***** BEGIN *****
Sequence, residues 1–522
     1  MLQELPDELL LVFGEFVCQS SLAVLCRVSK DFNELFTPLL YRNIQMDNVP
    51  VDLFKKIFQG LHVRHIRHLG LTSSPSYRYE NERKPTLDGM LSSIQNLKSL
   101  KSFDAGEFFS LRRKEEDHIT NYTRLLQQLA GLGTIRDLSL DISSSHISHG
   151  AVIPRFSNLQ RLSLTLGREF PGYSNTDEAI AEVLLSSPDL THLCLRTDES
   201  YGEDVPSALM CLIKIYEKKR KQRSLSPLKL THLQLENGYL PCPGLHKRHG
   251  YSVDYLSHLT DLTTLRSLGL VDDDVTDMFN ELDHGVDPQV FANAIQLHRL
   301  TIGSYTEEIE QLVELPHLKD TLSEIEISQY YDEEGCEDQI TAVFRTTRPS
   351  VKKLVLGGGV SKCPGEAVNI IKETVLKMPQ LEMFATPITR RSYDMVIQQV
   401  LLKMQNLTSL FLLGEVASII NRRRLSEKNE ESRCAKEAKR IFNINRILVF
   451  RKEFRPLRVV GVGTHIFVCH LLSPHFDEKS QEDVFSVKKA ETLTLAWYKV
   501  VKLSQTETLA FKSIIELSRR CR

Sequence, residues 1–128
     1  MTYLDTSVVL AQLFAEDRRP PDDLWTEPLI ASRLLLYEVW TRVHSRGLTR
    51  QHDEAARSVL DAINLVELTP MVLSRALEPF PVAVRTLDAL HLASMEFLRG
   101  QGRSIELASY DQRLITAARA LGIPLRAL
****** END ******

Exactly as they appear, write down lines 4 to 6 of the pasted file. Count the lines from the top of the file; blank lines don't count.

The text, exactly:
   101  KSFDAGEFFS LRRKEEDHIT NYTRLLQQLA GLGTIRDLSL DISSSHISHG
   151  AVIPRFSNLQ RLSLTLGREF PGYSNTDEAI AEVLLSSPDL THLCLRTDES
   201  YGEDVPSALM CLIKIYEKKR KQRSLSPLKL THLQLENGYL PCPGLHKRHG